When you apply for a mortgage, your lender wants to see a snapshot of your financial health that’s as comprehensive as possible. As a vital part of evaluating your creditworthiness, mortgage lenders may look at your residential mortgage credit report (RMCR). Even though “credit report” is part of this name, it’s not the garden-variety credit report with which you’re probably familiar. An RMCR is a credit report that gives your lender a more in-depth look at your finances by including more information than other types of credit reports.
TL;DR (Too Long; Didn't Read)
A residential mortgage credit report is an in-depth report containing information other than just credit data that mortgage lenders use to help qualify a lender.
RMCR Vs. Other Credit Reports
The three primary credit bureaus – Equifax®, Experian® and TransUnion® – provide consumer credit reports to lenders as well as to consumers. Because of the way these credit bureaus report financial data, a consumer may have three different credit scores. A tri-merge credit report compiles the data from these three credit bureaus into a single credit report. The RMCR goes into more detail by including information not found on consumer credit reports or the tri-merge report.
Why Do Lenders Use RMCR?
If you’re applying for a credit card, for example, the card issuer needs a peek at your credit score as well as basic credit information, such as your debts and payment history, to approve or deny your application. But if you’re applying for a mortgage, the ball game just got bigger than simply applying for a credit card. A mortgage is a much larger commitment, typically the biggest financial commitment a consumer will make over a lifetime, and it carries more risk for a lender. The RMCR offers more details than a consumer credit report to give your lender more data on which to base its mortgage approval or denial.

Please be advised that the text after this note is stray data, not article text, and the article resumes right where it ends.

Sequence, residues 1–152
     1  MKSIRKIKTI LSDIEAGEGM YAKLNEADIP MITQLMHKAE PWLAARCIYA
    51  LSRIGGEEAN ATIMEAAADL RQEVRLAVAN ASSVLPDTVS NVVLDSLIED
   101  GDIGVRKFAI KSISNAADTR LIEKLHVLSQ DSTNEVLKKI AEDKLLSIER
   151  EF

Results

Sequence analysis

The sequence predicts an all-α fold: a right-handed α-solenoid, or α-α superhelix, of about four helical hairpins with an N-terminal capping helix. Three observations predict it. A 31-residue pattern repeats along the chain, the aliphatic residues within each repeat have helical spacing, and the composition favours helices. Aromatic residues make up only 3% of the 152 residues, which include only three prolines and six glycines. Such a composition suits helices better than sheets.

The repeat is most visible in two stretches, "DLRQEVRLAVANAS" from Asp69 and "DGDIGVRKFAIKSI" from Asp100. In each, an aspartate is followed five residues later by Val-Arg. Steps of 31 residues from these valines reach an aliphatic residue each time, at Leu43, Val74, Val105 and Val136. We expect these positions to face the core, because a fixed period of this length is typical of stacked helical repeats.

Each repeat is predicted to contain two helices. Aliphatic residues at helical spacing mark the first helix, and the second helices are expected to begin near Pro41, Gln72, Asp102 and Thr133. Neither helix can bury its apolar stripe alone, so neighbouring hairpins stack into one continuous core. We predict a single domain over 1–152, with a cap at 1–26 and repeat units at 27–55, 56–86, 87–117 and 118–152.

What's on an RMCR?
Freddie Mac and Fannie Mae establish guidelines for RMCR compliance to ensure that conventionally underwritten mortgages meet their loan requirements. Freddie and Fannie note that an RMCR is a detailed account not only of a borrower’s credit history but also of his employment, residence history and public records information such as bankruptcies.
Credit information gathered from two of the national credit bureaus is merged and forwarded to a consumer reporting agency to be verified before it's sent to the lender. Other than credit data, an applicant's (and co-applicant's) age, marital status, number of dependents, employer and length of employment are listed on an RMCR. If a borrower has had a change of employment in the past two years, the RMCR provides the borrower's previous employer. And aside from his current address, a former addresses are also provided.
How to View Your RMCR
You may have ordered your consumer credit report through an online service to check your credit score and to make sure that all the information was correct. This type of credit report is directly available to consumers. But an RMCR follows a different path.
Third-party intermediaries, known as mortgage reporting companies, compile an RMCR when a lender orders one, but this report is not available directly to the consumer. Since the lender pays for the report, the lender may not provide you with a copy. But because your RMCR will let you see how lenders view you, it may help to see this information. You cannot demand access to it, but it doesn’t hurt to ask your lender if you can see your RMCR.
Victoria Lee Blackstone was formerly with Freddie Mac’s mortgage acquisition department, where she funded multi-million-dollar loan pools for primary lending institutions, worked on a mortgage fraud task force and wrote the convertible ARM section of the company’s policies and procedures manual. Currently, Blackstone is a professional writer with expertise in the fields of mortgage, finance, budgeting and tax. She is the author of more than 2,000 published works for newspapers, magazines, online publications and individual clients.